I recently reviewed some Angular code that uses one module. The AppModule. To manage the entire code base. And, this isn’t tiny code base. The main excuse I’ve heard for this is that the code originated during the beta cycle, prior to NgModule being added to the framework. I call it out as an excuse because once it was added, it was clear that we needed to have more than one module. The fact that this code base doesn’t have more than one module shows a disregard for doing things right over doing things fast. In the best case, it shows ignorance.
But, the larger question this code base raises for me is this: “Why are more modules better than fewer modules?” After all, using one module obviously works. Isn’t the fact that it works sufficient enough?
And here are three really good reasons to use more modules.
Avoid Component Collision
For discussion purposes, let’s say you have an application with two routes. Each route allows you to edit different kinds of content. You may be inclined to create some child components in each route to assist with your functionality. In the process of doing this, you may end up with two components that have the same name. Both as a class and as a selector. If you are including everything in one mega module, you will need to artificially give the components different names. However, if each route has its own module, you can declare the components in the declaration section of each module with the same name and each route will be able to call the appropriate component. Components aren’t shared across modules until you export the component. In that case, you would also want the component to live in a shared module where we would give it a more meaningful, generic, name that made sense as a shared module.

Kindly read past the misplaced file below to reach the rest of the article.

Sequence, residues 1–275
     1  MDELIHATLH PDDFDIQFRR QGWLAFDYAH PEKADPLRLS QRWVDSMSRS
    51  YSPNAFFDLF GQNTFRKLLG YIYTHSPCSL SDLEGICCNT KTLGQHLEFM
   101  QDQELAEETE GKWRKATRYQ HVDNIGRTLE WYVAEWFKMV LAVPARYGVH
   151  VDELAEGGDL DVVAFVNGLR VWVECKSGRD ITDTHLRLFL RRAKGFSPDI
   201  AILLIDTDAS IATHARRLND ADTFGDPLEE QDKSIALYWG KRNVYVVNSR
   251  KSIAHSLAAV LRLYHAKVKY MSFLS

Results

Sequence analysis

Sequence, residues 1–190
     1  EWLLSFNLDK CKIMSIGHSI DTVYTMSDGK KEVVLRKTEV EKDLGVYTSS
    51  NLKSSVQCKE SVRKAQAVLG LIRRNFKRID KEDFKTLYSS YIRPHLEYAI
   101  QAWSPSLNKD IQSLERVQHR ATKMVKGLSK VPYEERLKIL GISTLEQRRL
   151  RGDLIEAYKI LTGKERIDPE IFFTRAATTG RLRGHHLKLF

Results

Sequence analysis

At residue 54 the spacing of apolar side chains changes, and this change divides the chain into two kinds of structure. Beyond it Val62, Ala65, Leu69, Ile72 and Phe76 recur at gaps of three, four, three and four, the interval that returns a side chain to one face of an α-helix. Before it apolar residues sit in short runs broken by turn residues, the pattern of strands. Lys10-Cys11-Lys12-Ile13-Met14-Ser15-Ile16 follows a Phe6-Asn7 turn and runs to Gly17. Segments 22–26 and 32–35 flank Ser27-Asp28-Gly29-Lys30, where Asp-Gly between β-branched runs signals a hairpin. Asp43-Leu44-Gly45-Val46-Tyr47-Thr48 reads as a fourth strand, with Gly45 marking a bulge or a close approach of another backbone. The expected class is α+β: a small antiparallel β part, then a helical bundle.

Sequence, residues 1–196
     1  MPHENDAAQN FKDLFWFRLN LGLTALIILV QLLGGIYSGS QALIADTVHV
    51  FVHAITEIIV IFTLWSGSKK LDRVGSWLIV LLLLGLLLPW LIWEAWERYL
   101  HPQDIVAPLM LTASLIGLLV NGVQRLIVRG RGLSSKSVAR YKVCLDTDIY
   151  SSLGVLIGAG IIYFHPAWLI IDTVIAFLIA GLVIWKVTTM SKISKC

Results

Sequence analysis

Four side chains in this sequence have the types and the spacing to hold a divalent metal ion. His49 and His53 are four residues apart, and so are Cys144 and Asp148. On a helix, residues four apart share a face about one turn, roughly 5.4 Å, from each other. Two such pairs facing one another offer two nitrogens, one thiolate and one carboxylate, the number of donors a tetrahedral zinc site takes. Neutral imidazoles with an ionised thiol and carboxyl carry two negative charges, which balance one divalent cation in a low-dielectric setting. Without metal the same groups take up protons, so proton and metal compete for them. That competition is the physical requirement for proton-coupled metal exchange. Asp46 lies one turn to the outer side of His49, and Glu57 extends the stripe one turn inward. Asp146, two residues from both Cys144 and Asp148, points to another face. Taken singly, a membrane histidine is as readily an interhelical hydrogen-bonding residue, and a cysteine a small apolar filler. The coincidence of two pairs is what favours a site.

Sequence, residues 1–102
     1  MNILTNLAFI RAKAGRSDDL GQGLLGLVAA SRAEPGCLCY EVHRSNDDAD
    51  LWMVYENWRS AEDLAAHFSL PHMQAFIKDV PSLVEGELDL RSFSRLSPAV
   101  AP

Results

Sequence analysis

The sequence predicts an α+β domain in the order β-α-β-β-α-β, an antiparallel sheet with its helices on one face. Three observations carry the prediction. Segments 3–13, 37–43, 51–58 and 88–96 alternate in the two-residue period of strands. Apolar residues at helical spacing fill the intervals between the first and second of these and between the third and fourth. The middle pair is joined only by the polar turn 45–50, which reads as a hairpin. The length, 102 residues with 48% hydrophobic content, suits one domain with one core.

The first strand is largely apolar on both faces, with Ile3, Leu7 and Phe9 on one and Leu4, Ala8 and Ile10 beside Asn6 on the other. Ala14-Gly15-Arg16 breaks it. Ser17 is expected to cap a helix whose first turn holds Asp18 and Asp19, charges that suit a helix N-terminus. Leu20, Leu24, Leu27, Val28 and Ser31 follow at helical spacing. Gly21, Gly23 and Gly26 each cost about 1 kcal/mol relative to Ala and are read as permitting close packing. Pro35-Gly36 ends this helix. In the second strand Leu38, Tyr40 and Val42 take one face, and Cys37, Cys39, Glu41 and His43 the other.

Once you’ve created modules for each of your routes, the next logical step in your development effort will be lazy loading the module. Lazy loading provides more advantages than just the ability to load only what you need when you need it. That’s just the most obvious gain. Lazy loading also provides a separate context for @Injectables. Once again, just like having the ability to isolate the components, by using modules in conjunction with lazy loading, we have the ability to have route specific @Injectables with the same name and each route/module will behave appropriately.
There is one caveat. You can’t provide an @Injectable in a lazy loaded module and an application level module and expect things to work correctly. And, if you are still using a framework like NgRX 2 that needs to have access to services, you’ll need to make your services globally available. This is one of many reasons why I believe you should upgrade to NgRX 4 as soon as is possible. This allows you to take full advantage of the Angular Lazy Loading capabilities and all their benefits.
Even if you’ve never seen a major application with one module, I’m sure you can imagine what a mess that module is. I don’t think I really need to say much more about this.